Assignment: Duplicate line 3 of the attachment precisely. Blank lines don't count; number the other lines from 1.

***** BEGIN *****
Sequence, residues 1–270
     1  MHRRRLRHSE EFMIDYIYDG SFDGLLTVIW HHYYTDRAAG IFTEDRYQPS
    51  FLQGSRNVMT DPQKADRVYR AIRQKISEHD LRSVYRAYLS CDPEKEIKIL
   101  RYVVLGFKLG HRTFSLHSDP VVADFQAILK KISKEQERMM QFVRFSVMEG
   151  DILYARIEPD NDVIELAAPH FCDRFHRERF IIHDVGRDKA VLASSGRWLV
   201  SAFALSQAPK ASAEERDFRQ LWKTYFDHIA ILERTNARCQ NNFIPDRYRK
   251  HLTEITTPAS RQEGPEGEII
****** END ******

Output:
    51  FLQGSRNVMT DPQKADRVYR AIRQKISEHD LRSVYRAYLS CDPEKEIKIL